It’s the Christmas season as I write this. It’s a tricky time of year for many of us, including my friend. He has lost more than most of us. A few days ago he went down memory lane in a way that could lead to a big old bout of melancholy. I wasn’t going to let that happen.
What started it was this:
“Some dude” he knew from the flea market circuit that is a central part of his life introduced my friend to a serious collector of View-Masters who lives in Vallejo. My friend, always up for seeing a collection, visited the collector’s home.
The collector gifted my friend with a bakelite Model F that uses c-cell batteries to power an internal lighting source. He also gifted my friend with a couple of View-Master reels, including one about Detroit.
This was the passage to the past for my friend, a past that is mostly completely gone.
He had some photos spread out on his Mobler teak dining table.
Here is one of his sisters at a soda fountain. Nice, sharp photo! The next few photos diverted into childhood Christmas.
Here my friend is in line to see Santa at the 12th floor Christmas fantasy land in the downtown J.L. Hudson’s store,
My friend and his brother checking out Christmas toys.
My friend’s mother was a big advocate of getting her kids on local television shows.
My friend is shown in this photo of the Junior Jamboree show. Safety first!
And here is one of his sisters with Sagebrush Shorty.
His mother also had an eagle eye for newspaper photographers and a proclivity for steering them towards her children, three of whom are in this parade photograph. My friend doesn’t remember what the parade celebrated.
All of this innocence ended on or about May 25, 1956, when he was 12. My friend’s older cousins took him to see Elvis at the Fox.
That was the beginning of the end or, he would usually say, the beginning of the beginning. The gutter called!
He started hanging out at drug stores. He favored lemon Cokes while reading Mad magazine. He swears that he was at this counter the day that Robert Frank made this photo. Who knows?
When he was 14, he started sneaking into strip shows and nudie movies at the Stone and the National and the Empress. What an education! And not all in a good way. What I mean – not in a good way at all. Almost at all.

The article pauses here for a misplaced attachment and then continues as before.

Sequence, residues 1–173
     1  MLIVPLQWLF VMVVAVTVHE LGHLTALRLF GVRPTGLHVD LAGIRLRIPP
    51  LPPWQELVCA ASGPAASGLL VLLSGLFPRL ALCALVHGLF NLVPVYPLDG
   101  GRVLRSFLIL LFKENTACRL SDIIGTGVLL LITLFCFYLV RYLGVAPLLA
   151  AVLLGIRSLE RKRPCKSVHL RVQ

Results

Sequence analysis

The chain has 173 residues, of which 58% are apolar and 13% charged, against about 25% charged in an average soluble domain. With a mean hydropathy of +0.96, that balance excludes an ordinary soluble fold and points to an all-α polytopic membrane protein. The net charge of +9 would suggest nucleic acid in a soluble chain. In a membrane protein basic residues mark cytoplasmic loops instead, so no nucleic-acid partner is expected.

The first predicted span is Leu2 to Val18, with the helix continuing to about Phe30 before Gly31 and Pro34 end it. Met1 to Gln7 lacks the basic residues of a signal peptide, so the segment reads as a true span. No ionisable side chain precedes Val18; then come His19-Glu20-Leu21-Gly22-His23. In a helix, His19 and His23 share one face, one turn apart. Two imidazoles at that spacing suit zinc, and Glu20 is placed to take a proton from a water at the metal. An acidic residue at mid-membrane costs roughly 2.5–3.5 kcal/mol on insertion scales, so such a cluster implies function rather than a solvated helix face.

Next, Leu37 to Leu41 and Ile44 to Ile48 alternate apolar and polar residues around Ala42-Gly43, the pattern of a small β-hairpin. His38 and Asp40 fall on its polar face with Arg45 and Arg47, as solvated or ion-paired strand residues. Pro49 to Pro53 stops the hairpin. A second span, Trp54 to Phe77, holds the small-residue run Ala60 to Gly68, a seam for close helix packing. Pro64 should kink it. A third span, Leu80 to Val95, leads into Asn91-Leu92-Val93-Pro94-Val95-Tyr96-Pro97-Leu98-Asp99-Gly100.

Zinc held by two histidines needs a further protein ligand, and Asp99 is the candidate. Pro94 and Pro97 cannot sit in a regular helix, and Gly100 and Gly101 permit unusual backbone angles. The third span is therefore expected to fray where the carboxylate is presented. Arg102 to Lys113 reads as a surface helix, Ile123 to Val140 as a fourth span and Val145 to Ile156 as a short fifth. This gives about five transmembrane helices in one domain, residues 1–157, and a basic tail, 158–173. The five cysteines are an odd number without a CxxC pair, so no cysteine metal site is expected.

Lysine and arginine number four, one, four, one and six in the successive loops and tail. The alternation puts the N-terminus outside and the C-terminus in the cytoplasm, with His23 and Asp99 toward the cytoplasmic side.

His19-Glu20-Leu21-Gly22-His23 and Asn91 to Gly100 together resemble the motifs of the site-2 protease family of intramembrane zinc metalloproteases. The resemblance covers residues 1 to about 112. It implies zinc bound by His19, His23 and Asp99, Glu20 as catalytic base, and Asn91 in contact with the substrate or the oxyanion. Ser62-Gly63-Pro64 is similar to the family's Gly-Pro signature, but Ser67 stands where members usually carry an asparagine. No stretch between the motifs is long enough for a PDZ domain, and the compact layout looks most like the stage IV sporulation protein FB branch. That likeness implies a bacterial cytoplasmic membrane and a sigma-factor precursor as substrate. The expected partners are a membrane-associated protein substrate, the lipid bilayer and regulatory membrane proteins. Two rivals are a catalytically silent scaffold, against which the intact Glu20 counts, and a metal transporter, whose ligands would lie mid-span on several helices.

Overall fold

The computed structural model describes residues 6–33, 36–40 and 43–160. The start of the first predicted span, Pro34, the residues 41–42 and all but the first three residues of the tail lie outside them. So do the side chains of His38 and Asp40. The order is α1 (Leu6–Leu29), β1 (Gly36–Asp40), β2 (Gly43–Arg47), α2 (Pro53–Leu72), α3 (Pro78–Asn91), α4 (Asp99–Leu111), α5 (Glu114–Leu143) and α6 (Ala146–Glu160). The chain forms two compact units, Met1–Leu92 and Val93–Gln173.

He really went off the rails in a different, more powerful and paradigm-shifting way, when he discover the Institute of Arts. At first, what he discovered were the young women who hung out there and were inclined to flirt with an innocent if scruffy teen boy.
He eventually came to appreciate the art as well as the women, especially the Diego Rivera murals. “I really dug them.” That’s his report on it.
I do not want to overstate the important of art in my friend’s journey, or understate the importance of women. The women who found the teen boy amusing were a big part of the whole deal.
The day he turned 17 he left his family and Detroit, headed for New York.
He took with him a dislike for Detroit winters, a love of Detroit music, and a fondness for Red Rose Tea.
This fondness for the tea came in part from his appreciation of the Marquis Family (chimps) television commercials for Red Rose Tea when he was a kid.
To get him out of his funk, I attacked all senses.
I made some Red Rose tea in his mother’s teapot – served with milk and sugar, of course. English schoolboy.
I put some music on. Dave Brubeck. It fits his Danish Modern furniture real well. I told him that UPS had left a slip announcing a carton for him from Gabby – probably record albums. I told him about that which perked him up.
The coup de grace was this photo. He took the photo of Patti Smith when she played at Rather Ripped Records at Hearst and Euclid in the mid 1970s. He cherished the photo. He had not been able to find it for several years. When I went to get the teapot I found it.
With love we sleep
With doubt the vicious circle
Turn and burns
Without you I cannot live
Forgive, the yearning burning
I believe it’s time, too real to feel
So touch me now, touch me now, touch me now
Because the night belongs to lovers …
Magnificent! Indeed! I packed up the Detroit photos and asked him what he felt about it all.